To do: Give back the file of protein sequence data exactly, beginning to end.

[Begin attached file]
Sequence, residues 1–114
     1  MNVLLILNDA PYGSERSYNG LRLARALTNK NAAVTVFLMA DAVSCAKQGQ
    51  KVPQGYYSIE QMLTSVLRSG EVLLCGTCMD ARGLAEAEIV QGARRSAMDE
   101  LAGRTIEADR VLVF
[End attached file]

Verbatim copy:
Sequence, residues 1–114
     1  MNVLLILNDA PYGSERSYNG LRLARALTNK NAAVTVFLMA DAVSCAKQGQ
    51  KVPQGYYSIE QMLTSVLRSG EVLLCGTCMD ARGLAEAEIV QGARRSAMDE
   101  LAGRTIEADR VLVF